Consulting unit's business-to-employee practice combines managed hosting, security and access.
PwC consulting has begun a new practice area designed to help broaden employee portals for businesses looking to decrease costs and improve services for their workers.
PwC Consulting, the management service unit of Pricewaterhouse- Coopers, is combining multiple alliances with major portal providers, security companies and e-learning companies into its business-to-employee practice. The practice area includes managed hosting, security and access services.
"Were opening up B2E to other stakeholders ... vendors, suppliers and even customers," said George Bailey, senior partner for global B2E marketing at PwC Consulting, in San Francisco. "This is a Web-enabled environment where employees, customers and suppliers can work with each other in real time."
Portals are hot as a B2E communications tool, said Nate Root, an analyst at Forrester Research Inc., in Cambridge, Mass. "That is where the lions share of the portal market is. Its easier to see the [return on investment] in putting business processes online behind the firewall."
At the same time, Web application server providers such as Oracle Corp. are beginning to bundle portals for free, so "the money gets made in providing services," Root said.
The PwC practice area is based on three categories of deliverables. PwC creates the business case with clients, outlining what areas provide the greatest benefit. "For example, moving human resources transactions online, moving product information online. We provide a road map that says, Heres the kind of return you should get, and heres the right order," Bailey said.
The second deliverable is the architecture. As part of that, PwC helps the client select the vendors with the necessary components and provides "governance on how the whole B2E environment will be developed [and] led and the business decisions that have to be made. We show them how to manage it and be successful," Bailey said.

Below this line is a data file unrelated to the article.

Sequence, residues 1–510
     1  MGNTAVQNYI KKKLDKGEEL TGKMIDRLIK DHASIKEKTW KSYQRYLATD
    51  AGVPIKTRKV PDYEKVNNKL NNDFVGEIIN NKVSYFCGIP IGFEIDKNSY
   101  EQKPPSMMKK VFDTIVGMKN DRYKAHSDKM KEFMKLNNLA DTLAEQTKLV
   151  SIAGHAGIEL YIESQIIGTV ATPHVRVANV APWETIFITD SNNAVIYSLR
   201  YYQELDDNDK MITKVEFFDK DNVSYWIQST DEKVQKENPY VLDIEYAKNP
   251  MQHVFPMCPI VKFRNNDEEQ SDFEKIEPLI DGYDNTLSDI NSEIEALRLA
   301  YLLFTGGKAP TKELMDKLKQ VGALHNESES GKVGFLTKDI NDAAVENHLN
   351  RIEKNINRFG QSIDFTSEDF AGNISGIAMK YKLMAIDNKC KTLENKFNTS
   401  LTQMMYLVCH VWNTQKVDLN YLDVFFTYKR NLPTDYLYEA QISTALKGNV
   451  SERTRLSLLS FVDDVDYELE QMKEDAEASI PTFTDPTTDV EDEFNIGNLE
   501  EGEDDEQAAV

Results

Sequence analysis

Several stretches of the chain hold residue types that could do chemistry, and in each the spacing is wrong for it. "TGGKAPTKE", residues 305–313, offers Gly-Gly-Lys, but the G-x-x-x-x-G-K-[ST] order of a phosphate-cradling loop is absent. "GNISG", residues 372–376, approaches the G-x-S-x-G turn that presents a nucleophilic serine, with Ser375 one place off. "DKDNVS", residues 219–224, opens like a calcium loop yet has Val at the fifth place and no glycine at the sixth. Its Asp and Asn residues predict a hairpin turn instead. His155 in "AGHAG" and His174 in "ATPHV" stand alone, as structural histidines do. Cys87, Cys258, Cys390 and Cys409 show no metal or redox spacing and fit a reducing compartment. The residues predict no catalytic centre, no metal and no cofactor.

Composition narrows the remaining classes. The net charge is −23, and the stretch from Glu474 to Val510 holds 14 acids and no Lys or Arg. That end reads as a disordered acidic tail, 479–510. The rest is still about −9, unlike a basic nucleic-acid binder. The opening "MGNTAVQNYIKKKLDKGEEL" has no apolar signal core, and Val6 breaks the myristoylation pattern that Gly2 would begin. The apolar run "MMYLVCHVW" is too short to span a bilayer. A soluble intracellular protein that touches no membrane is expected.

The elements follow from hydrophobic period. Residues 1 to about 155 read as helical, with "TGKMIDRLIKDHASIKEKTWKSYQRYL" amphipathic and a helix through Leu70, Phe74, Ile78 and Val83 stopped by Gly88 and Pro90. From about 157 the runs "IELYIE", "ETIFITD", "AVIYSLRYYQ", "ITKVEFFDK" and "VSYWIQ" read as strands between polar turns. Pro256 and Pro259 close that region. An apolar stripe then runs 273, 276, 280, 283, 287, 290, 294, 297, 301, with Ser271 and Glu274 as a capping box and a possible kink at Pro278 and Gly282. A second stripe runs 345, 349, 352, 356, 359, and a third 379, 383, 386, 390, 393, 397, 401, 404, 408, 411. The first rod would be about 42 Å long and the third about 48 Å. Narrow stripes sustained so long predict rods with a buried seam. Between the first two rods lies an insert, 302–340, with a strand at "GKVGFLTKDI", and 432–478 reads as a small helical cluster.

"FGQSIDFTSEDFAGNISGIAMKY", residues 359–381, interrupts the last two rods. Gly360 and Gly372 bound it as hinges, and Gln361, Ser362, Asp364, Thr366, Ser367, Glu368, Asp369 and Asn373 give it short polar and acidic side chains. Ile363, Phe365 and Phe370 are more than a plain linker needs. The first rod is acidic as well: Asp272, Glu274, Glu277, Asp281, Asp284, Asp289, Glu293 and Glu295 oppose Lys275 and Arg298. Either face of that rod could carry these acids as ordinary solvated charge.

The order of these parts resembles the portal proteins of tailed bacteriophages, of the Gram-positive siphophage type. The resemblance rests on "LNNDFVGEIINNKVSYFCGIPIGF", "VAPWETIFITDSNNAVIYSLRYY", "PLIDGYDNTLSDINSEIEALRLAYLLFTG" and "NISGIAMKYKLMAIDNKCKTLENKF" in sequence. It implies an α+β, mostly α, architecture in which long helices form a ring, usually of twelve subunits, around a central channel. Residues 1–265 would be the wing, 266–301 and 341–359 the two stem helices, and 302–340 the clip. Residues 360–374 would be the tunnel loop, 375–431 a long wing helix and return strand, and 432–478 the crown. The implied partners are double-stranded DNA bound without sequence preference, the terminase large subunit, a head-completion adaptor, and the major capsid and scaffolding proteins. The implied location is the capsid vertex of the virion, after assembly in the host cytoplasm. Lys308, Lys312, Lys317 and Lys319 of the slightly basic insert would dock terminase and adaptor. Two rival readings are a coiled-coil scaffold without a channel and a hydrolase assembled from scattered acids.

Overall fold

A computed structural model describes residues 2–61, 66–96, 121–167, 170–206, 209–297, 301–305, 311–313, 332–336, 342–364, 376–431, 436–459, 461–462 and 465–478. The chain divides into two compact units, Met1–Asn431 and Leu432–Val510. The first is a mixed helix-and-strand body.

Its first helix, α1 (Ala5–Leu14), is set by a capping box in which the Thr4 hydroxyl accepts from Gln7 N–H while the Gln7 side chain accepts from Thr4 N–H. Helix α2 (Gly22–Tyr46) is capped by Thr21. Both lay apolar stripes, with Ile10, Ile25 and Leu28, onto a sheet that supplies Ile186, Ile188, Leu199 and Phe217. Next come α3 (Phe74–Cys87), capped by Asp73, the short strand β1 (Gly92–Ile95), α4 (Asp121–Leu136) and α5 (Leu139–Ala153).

The third component of the service is the implementation stage.
"We make sure it can handle remote users and stay on course to make sure the business benefits from the business case are reached," he said.
In its focus on using portal technology to solve business problems, such as high cost for operations, the practice area addresses key issues around governance and decision making. Companies dont often get the full return on their investment because "employees dont use the full capabilities" of a portal, Bailey said.
Bailey said PwC Consulting implemented an e-learning portal for the U.S. Army. "Army personnel can get course work done in a variety of disciplines from anywhere in the world," he said.
Toward that end, PwC is extending its B2E practice into e-learning.
"It enables you to equip people with the latest tools and knowledge without having to send them around the world," Bailey said.
The cost to implement B2E portals depends on how much an implementation leverages existing investments. It can range from a few million dollars to as much as $40 million, Bailey said. But most companies in todays economic climate are opting for smaller, incremental projects that can be implemented in 60 to 90 days and can quickly pay for themselves, he added.
In the security arena, PwC Consuling is leveraging its alliances with Netegrity Inc. and Oblix Inc. to offer single-sign-on capabilities so that "the right people get the right information," Bailey said.